Abstract 15355: Dysnatremia is Associated With Adverse Outcomes in Pediatric Patients After Surgery Under Cardiopulmonary Bypass for Congenital Heart Disease
Background: Sodium imbalances are one of the most common electrolyte disorders in ICU and have been associated with adverse outcomes in many patient groups. Few studies have investigated associations between dysnatremia and outcomes in children after surgery for congenital heart disease (CHD).
Methods: Retrospective chart review of children (01/12 to 01/15) after CHD surgery with cardiopulmonary bypass (CPB). Infants operated at < 37 weeks of gestation or > 18 years of age were excluded. Data collected: age, gender, weight, Risk Adjusted Congenital Heart Surgery Score (RACHS-1) classification; mechanical ventilation (MV), CPB and cross clamp (CC) times; serum sodium (Na) 24, 48 and 72 hrs after surgery; hospital length of stay (LOS), adverse neurological events (strokes or seizures) and mortality. Na level <135mmol/L was defined as hyponatremia and >145 mmol/L as hypernatremia. Comparisons between groups by logistic regression analysis.
Results: 1177 encounters (55.7% males) were included. Median (IQR) age 13.6 (3.4-67) months, weight 8.9 (4.9-18.6) kg. 180 (15.3%) patients were in RACHS-1 category 4-6. Hospital LOS 8 (5-15) days; MV time 23.5 (7.1-58) hours; CPB time 138 (92-192) min; CC time 77 (38-121) min. Post-operative dysnatremia was 46.3%; 16.14% had hyponatremia, 27.7% hypernatremia and 1.44% had both in the first 72 hours. Post-operative mortality (1.7%) was associated with hypernatremia at 24 hrs (Odds Ratio (OR) 4.9 [2.2-11], p=0.0001); 48 hrs (OR 4.8 [2.0-11], p=0.0003); 72 hrs (OR 5.3 [2.2-12.7], p=0.0002); no association between hyponatremia and mortality. In a univariate logistic regression analysis, hypernatremia, not hyponatremia, at all time points was significantly associated with adverse neurological event at 24 hrs(OR 3.9 [1.6-9.5], p=0.0028); 48 hrs (OR 3.3 [1.3-8.8], p=0.0163) and 72 hrs (OR 3.4 [1.3-9.3], p=0.0139). In a multivariable model controlling for age, LOS and CC times, prolonged CPB time was associated with post-operative hypernatremia (OR1.01 [1.00-1.01], p=0.0012).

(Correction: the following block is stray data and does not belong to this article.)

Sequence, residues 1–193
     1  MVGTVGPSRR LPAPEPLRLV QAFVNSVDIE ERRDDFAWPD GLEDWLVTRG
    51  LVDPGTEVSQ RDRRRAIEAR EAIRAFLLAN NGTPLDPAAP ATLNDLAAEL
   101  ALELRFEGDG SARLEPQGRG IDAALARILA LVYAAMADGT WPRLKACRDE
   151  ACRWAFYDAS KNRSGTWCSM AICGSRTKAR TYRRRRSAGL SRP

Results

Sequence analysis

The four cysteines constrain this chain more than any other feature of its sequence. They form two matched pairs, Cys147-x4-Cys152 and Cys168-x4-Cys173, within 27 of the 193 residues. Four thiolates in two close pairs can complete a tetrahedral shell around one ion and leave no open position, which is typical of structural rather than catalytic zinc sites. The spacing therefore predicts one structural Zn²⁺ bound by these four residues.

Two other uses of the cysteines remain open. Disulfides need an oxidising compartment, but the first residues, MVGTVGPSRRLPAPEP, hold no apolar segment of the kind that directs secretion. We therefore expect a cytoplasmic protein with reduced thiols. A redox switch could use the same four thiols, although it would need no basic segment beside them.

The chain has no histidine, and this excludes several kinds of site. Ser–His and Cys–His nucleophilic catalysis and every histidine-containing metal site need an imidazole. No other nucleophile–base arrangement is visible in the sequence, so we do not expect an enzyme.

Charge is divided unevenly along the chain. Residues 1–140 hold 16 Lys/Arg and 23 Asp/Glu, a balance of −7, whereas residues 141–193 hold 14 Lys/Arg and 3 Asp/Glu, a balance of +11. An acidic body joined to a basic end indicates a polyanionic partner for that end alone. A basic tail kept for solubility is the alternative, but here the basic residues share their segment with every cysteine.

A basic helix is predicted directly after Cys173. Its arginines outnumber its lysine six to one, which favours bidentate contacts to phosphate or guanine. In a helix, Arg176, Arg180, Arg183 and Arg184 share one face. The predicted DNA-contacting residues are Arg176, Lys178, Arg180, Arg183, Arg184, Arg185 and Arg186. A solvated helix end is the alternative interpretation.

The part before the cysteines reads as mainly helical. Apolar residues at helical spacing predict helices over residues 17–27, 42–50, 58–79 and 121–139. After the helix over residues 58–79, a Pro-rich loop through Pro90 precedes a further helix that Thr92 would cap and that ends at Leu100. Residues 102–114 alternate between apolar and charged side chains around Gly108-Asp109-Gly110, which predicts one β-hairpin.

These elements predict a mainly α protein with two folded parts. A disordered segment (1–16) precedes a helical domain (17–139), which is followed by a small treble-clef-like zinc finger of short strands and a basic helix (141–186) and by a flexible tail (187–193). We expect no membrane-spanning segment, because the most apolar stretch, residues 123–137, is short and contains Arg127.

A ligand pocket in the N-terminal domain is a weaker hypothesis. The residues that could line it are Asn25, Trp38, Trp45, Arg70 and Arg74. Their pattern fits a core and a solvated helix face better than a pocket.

Conclusions: Perioperative dysnatremia was a common finding in pediatric cardiac surgical patients. Hypernatremia was more prevalent than hyponatremia, and was associated with increased CPB time, adverse neurological outcome and mortality.
Author Disclosures: A. Ontaneda: None. J. Lasa: None. A. Akcan-Arikan: None. J. Coss-Bu: None. L. Shekerdemian: None.
- © 2016 by American Heart Association, Inc.